The Asian Institute of Management’s Master of Science in Data Science (MSDS) program hosted an appreciation dinner for the organizations that sponsored the program’s pioneer batch at the Makati Shangri-La on 02 July 2018. Twenty guests from eight private companies and government institutions attended the dinner.
The guests represented organizations from Aboitiz, ATRAM, Ayala Corporation, Bangko Sentral ng Pilipinas (BSP), Mindanao State University – Iligan Institute of Technology (MSU-IIT), Savvysherpa/UnitedHealth Group, Security Bank Corporation (SBC), and SM Investments Corporation (SMIC).
AIM’s President and Dean Dr. Jikyeong Kang officially welcomed and extended her sincerest gratitude to the sponsors. She emphasized that their support of the program and sponsorship of 19 out of 42 students of the inaugural batch was a worthy investment, and their choice to collaborate with AIM put them ahead of the game.
Three of the sponsored students spoke on behalf of the class. Jose Eduardo Sto. Domingo, an Executive Assistant from BSP, highlighted the diversity of their cohort and the skills they bring into their own learning teams.
“There are the educators, who true to form, have a gift for helping other classmates understand complicated concepts. In some of them I see young versions of highly successful bankers, policymakers, and consultants,” said Domingo. “In others, I see future researchers that could lead ground-breaking studies at par with those produced by the best universities.”
Another sponsored student, Marwell Dalangin, the Assistant Vice President for Digital Solutions at Aboitiz, stressed the potential avenues opened by the MSDS program. “[The program] is where we are building a data science community by working together, in a way that’s never been done before. We are learning about methods, algorithms, models, and techniques that are opening up new ways of solving problems that used to be deemed unsolvable,” he said.
The last student to speak was SBC-sponsored student Patricia Manasan, a former trading floor manager. According to her, the sponsors have afforded the students a great advantage by enabling them to be part of the first-ever formal data science graduate program in the Philippines. “We intend to use this [opportunity] to its fullest extent—including empowering businesses and eventually nation-building as we all face rapidly changing times,” said Manasan.
MSDS Academic Program Director, Dr. Erika Fille Legara updated the sponsors, discussing the engagements the program had, especially in various Association to Advance Collegiate Schools of Business (AACSB) events. Specifically, the Data Analytics Summit in Tempe, Arizona, USA in March 2018 and the International Conference and Annual Meeting in Honolulu, Hawaii, USA in April 2018.
AACSB is an international accreditation organization whose goal “is to foster engagement, accelerate innovation, and amplify impact in business education.” AIM is the only AACSB-accredited business school in the Philippines, and the first in Southeast Asia.
Dr. Legara also discussed the students’ activities, including their interface with third-party entities to discuss data strategy, as well as the application of Machine Learning for theme extraction and clustering from journal article abstracts.
As part of the continuous engagement with the sponsors, she opened the floor for the submission of data science research problems for the students’ Capstone Projects in Term 4. To solve these real-world problems, the student groups will be closely mentored by their data science professors, data scientists from the Analytics, Computing, and Complex Systems Laboratory (ACCeSs@AIM), and domain experts.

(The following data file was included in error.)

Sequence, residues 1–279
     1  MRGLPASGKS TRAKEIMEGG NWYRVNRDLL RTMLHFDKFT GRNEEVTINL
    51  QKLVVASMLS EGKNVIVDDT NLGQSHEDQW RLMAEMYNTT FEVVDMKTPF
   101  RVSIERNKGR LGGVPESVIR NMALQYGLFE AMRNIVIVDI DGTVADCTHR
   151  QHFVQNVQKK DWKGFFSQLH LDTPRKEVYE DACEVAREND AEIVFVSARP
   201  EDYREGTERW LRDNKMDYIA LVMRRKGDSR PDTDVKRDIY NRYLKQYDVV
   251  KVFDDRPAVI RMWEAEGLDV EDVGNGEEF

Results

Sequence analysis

Dr. Legara also underlined that development in data science and artificial intelligence must be tied to the general welfare of society. Part of this thrust for nation-building is the deployment of MSDS students across the Philippines to spread awareness on data science, what it is, and how it can improve lives of people.
During the latter part of the program, Mr. Hoton Elicano, Chief Technology Officer of Aboitiz, asked how AIM came up with the decision to build its own computing infrastructure.
Dr. Kang replied that Acer Founder and Honorary Chairman Stan Shih, who also sits on the AIM Board of Governors, found out about AIM’s data science program. “He wanted us to use his supercomputer because it’s a good way of validating his systems. [AIM] also has several collaboration projects with Acer, including one in AI,” Jikyeong added.
“In order for us to teach our MSDS students big data analytics [and cloud computing], we cannot be solely dependent on the country's internet connection; we have to do it internally, that is, with our on-premise servers [and the intranet],” said Dr. Legara. “We’re putting all the big data for classroom and educational use; and to expose [the students] to GPU computing via the platform we have at ACCeSs@AIM.”
Dr. Christopher Monterola, Head of the School of Innovation, Technology, and Entrepreneurship (SITE), concluded the sponsorship dinner. He emphasized AIM’s vision of making the MSDS program the best in the world and highlighted the dynamic community created by SITE.
“I have dreamed of creating this kind of school where we can connect the academe and the industry and the government agencies,” said Dr. Monterola. “Our idea in SITE is to allow these people—the technologists, the data scientists, the entrepreneurs, and those who have a technopreneur spirit—to be together,” he added.
Echoing Dr. Legara, Dr. Monterola stressed that the program is a vehicle for nation-building, while the sponsors will be getting the best of the best for their organizations through the MSDS program.